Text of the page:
Let’s go back to the 1950s, when two important advances in the philosophy of language and in religious language occurred. The first came from Oxford, and the White’s Professor of Philosophy, J.L. Austin. The second came from Durham, and its then Bishop, Ian Ramsey.
Austin, whose remarkable life and work has now been brilliantly documented for the first time in the biography by Mark Rowe (published by OUP, 2023) was a decorated Second World War veteran in the intelligence corps who was widely recognised as being one of the masterminds of the success of the D-Day Landings. On his return to Oxford in the late 1940s he perceived with great dissatisfaction a certain philosophical move which accorded the greatest importance in language to words and phrases which described things, which indicated some form of empirical truth about the world. For sure there were other kinds of use of language, religious language, emotional language, and so on, this argument continued. But that was fairly worthless. Describing cold hard scientific truth was the true utility for language.
Austin’s most famous response was in his book How To Do Things With Words. The function of language goes way beyond the scientific description of the world. Language acts, it does things. We promise, we name, we cajole, we threaten, we apologise, we bet. There is no real ‘truth’ as such conveyed in such ‘speech-acts’. Their importance lies, rather, in what is thereby done, the act initiated by the words themselves. Or, in the Austin-ian jargon, the ‘illocution’ within the ‘locution’.
But Austin realised something even more important as he investigated this form of language – these performative utterances. In fact, all words ‘act’ in some way. Even plain truth-describers assert something, such that an interlocuter can learn or discern for themselves. What matters is how ‘forceful’ the relevant act of speech is in each case. Sometimes the speech-act is very simple and limited. In other cases, such as threats, the performative aspect of the utterance is most forceful indeed.
Austin’s student John Searle took the idea of performative language to America, and developed it considerably. Most notable for our purposes, however, over against Austin’s idea, was the separation of speech from act. By analysing the conventions and circumstances which surround the performance of a speech act – a baptism service for instance – we can observe how and why the act occurs, and how and why such an act might go wrong. But the debate was then divorced from the context of speakers themselves performing such actions, an integrity of speaker and action. The philosophical problem we then hit, therefore, is that a spoken word and the associated act (‘locution’ and ‘illocution’) are two entirely separate ‘acts’.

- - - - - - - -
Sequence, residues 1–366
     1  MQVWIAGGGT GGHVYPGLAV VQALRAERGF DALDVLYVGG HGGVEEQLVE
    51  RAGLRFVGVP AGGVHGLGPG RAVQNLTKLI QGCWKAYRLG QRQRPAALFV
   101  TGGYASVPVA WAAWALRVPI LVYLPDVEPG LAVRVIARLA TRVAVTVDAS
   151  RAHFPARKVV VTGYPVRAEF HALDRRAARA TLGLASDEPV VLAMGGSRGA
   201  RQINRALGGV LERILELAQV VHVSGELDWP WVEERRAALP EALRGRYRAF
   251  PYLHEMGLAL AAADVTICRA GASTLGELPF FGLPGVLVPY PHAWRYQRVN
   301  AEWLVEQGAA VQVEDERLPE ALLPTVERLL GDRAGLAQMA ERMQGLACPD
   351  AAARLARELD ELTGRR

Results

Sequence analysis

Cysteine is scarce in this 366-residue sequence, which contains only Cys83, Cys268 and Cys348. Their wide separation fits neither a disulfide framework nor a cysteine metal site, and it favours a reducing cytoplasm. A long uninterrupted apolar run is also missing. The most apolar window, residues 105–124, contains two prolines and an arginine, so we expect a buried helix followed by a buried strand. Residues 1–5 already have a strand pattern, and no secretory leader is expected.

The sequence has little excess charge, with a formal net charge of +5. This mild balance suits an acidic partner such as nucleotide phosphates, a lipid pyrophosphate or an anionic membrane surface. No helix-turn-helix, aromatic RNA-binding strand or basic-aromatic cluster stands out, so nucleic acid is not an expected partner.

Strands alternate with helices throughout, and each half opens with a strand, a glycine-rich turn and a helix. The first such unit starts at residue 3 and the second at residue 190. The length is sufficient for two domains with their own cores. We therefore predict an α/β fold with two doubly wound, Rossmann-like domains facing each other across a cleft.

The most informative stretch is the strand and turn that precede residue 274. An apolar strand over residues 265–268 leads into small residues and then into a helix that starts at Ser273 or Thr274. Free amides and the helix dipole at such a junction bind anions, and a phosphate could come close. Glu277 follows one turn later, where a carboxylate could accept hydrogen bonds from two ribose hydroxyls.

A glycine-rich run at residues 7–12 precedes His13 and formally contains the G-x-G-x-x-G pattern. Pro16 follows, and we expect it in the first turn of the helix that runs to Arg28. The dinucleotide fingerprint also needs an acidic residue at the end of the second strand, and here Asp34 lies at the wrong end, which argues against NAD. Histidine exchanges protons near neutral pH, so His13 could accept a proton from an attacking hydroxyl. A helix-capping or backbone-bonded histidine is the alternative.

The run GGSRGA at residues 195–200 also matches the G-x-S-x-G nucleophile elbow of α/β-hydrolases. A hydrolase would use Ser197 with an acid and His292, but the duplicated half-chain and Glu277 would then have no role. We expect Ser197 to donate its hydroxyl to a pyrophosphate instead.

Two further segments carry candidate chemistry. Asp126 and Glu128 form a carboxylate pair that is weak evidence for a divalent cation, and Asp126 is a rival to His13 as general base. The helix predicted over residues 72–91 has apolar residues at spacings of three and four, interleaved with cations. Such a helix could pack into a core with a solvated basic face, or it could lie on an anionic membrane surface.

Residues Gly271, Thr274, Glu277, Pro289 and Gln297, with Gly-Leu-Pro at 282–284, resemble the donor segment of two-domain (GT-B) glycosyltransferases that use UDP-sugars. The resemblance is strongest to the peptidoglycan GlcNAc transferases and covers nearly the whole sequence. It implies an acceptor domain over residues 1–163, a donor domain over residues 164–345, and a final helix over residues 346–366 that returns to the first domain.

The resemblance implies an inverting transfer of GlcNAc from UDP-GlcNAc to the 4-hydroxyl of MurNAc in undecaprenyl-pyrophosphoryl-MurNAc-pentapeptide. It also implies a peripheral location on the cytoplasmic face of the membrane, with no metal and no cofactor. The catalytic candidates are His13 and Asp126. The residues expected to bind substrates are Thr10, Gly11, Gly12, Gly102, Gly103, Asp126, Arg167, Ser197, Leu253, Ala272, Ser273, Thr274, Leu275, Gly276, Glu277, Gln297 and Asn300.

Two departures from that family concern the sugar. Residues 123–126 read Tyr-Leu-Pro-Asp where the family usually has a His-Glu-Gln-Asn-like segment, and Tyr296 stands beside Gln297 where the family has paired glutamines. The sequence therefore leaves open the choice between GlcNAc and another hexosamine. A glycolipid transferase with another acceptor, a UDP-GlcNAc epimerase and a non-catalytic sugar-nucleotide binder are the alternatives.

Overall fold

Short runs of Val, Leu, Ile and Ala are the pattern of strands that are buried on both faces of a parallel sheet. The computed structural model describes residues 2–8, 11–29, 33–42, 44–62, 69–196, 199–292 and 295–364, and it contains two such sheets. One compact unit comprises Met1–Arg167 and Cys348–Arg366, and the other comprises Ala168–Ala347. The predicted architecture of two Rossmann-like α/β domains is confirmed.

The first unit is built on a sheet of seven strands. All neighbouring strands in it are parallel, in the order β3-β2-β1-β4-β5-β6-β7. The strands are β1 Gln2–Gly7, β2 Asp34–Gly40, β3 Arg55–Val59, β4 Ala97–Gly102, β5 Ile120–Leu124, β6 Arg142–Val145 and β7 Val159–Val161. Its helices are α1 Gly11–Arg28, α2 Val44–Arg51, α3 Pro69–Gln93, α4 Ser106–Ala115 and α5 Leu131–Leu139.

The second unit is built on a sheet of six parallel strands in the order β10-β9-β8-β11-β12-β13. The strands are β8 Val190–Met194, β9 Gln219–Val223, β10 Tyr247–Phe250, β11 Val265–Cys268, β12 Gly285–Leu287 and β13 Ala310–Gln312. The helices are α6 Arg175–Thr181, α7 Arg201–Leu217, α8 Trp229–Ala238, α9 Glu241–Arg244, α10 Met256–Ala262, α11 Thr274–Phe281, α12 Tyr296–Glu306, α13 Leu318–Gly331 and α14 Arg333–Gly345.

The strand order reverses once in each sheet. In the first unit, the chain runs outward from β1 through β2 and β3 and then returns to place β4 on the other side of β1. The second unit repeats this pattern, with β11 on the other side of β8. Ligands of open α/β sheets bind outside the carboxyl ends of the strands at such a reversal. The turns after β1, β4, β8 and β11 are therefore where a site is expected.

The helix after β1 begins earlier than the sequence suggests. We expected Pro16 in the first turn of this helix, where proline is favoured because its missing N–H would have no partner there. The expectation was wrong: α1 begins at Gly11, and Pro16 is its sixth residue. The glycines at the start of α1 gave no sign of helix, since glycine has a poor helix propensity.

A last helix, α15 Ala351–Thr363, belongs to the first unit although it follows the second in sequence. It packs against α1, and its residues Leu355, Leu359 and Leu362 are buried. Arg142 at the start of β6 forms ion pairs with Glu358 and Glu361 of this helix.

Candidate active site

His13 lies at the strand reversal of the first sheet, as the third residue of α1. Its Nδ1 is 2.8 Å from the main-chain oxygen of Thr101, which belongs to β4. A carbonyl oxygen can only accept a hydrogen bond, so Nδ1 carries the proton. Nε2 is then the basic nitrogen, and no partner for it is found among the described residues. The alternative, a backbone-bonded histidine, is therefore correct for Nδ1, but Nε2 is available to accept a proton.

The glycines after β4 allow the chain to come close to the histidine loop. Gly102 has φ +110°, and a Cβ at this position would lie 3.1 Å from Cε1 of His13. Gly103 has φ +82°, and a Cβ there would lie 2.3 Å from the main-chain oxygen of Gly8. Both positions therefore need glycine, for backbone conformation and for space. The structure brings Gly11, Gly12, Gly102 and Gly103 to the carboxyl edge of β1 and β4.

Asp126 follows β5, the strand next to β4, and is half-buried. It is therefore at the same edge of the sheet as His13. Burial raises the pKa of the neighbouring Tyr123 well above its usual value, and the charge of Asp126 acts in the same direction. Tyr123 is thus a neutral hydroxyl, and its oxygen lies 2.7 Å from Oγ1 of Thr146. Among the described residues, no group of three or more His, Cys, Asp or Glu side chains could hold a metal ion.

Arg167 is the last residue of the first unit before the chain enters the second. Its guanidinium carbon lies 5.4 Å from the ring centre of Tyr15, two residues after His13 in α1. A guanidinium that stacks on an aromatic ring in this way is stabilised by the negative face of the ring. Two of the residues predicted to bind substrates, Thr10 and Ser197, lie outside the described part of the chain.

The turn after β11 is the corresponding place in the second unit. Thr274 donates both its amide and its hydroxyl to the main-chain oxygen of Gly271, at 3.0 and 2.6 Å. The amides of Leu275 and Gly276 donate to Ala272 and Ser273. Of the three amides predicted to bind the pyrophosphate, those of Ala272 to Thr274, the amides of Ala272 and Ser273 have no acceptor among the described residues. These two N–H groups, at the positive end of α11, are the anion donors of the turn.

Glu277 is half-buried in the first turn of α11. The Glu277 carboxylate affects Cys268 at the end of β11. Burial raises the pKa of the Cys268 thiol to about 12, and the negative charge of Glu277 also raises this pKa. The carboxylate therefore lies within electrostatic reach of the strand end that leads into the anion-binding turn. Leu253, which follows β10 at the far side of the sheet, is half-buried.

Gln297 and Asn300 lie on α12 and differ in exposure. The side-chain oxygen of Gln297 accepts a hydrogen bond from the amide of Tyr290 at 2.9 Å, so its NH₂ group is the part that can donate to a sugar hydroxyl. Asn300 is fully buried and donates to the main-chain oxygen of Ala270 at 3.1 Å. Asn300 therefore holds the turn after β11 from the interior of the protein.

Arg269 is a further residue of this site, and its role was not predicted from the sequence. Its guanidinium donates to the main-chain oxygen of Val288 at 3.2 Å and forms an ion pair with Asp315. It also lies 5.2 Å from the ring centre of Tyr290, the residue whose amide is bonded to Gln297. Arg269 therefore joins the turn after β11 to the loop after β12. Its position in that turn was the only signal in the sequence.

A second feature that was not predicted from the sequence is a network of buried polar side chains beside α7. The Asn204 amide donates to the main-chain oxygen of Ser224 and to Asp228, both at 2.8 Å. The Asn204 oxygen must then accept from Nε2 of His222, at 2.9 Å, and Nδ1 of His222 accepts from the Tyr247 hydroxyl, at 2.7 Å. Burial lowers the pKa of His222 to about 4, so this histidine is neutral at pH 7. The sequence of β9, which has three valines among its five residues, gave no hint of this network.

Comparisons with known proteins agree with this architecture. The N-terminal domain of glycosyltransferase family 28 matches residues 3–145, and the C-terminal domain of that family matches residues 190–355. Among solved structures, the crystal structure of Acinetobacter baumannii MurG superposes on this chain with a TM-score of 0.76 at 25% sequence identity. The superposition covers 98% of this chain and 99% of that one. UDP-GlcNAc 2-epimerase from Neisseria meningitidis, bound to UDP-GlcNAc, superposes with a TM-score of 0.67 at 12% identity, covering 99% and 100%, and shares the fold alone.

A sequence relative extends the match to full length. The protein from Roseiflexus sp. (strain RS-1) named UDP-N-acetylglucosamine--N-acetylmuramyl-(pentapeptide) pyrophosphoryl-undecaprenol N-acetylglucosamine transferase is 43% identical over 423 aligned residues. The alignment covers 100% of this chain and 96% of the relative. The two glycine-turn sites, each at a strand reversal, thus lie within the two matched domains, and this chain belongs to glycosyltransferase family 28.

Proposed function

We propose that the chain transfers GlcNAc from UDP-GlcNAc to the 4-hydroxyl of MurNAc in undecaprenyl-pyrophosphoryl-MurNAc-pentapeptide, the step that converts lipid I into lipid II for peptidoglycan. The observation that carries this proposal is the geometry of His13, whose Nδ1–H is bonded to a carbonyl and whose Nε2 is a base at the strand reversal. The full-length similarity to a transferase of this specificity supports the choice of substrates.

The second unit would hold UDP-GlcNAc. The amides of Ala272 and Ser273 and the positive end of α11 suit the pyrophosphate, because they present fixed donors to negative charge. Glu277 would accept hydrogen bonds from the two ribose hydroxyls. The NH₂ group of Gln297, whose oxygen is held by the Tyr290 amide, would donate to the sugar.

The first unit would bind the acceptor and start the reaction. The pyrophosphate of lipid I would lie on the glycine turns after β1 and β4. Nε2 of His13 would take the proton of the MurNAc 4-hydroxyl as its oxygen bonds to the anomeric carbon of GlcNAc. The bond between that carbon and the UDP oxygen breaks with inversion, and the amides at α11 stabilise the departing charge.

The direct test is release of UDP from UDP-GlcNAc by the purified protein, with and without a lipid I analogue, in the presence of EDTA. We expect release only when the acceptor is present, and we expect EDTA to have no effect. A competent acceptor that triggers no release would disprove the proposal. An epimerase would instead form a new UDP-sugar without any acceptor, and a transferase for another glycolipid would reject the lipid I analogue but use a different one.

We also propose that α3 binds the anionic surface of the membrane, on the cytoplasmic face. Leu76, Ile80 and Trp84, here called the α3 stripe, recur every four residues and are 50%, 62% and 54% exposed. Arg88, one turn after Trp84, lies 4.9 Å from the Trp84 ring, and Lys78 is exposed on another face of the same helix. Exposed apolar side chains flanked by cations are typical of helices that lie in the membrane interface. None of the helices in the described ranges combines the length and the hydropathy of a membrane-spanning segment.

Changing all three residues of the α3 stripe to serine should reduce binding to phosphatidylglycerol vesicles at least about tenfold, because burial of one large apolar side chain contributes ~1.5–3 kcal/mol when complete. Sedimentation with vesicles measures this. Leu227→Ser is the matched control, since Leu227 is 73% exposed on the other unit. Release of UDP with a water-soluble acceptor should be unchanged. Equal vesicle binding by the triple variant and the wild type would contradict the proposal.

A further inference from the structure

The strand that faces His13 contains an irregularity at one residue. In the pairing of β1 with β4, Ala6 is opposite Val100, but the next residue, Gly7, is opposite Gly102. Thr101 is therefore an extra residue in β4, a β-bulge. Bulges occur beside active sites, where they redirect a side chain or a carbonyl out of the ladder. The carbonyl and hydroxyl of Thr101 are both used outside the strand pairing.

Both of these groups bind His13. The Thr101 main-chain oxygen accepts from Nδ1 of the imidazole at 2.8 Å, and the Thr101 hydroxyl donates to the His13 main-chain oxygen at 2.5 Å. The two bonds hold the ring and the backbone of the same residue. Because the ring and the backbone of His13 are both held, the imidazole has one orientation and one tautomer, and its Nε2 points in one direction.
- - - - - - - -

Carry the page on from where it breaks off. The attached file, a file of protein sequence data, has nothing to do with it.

Let’s move now from Oxford to the great Cathedral city of Durham. At the same time as Austin was teaching in Oxford, the Bishop of Durham Ian Ramsey – apparently unaware of Austin’s new theory of performatives – investigated religious language to try and get to grips with both how religious language does things, and what it says of its speakers and writers. Ramsey developed a two-fold typology for religious language – that of commitment and discernment. First, religious language implies two forms of commitment: there is the speaker/writer’s commitment of communicability, a desire to communicate, to be comprehensible, to ‘commune through language’; and the speaker/writer of religious language also entertains prior commitments for the language adopted – language is rarely neutral when it comes to religion. Second, religious language implies a form of discernment about the words that are being invoked and for what purpose. They are not universals, but carry special meanings according to the particular conventions involved. Commitment and discernment.
But this new innovation in the philosophy of religious language too was taken up and developed away from Ramsey’s idea – particularly in the much more famous work of John MacQuarrie, a Scottish philosophical theologian who spent much time teaching both in the States, and in Oxford. In MacQuarrie, writing at the height of the influence of thinkers such as Heidegger and Bultmann, Ramsey’s ‘commitment’ and ‘discernment’ got subsumed into existentialism and myth. The religious speech act became merely an event or an act for the self, a personal matter which might involve transformation, but might not.
These two strands, of the philosophy of language as it got taken up by Searle and his American counterparts, and of the philosophy of religious language as it got taken up by MacQuarrie, have for some time now predominated. And it is only recently that scholars on both sides have begun to perform a ressourcement, both on Austin, and on the nature of religious language in the wake of Bultmann.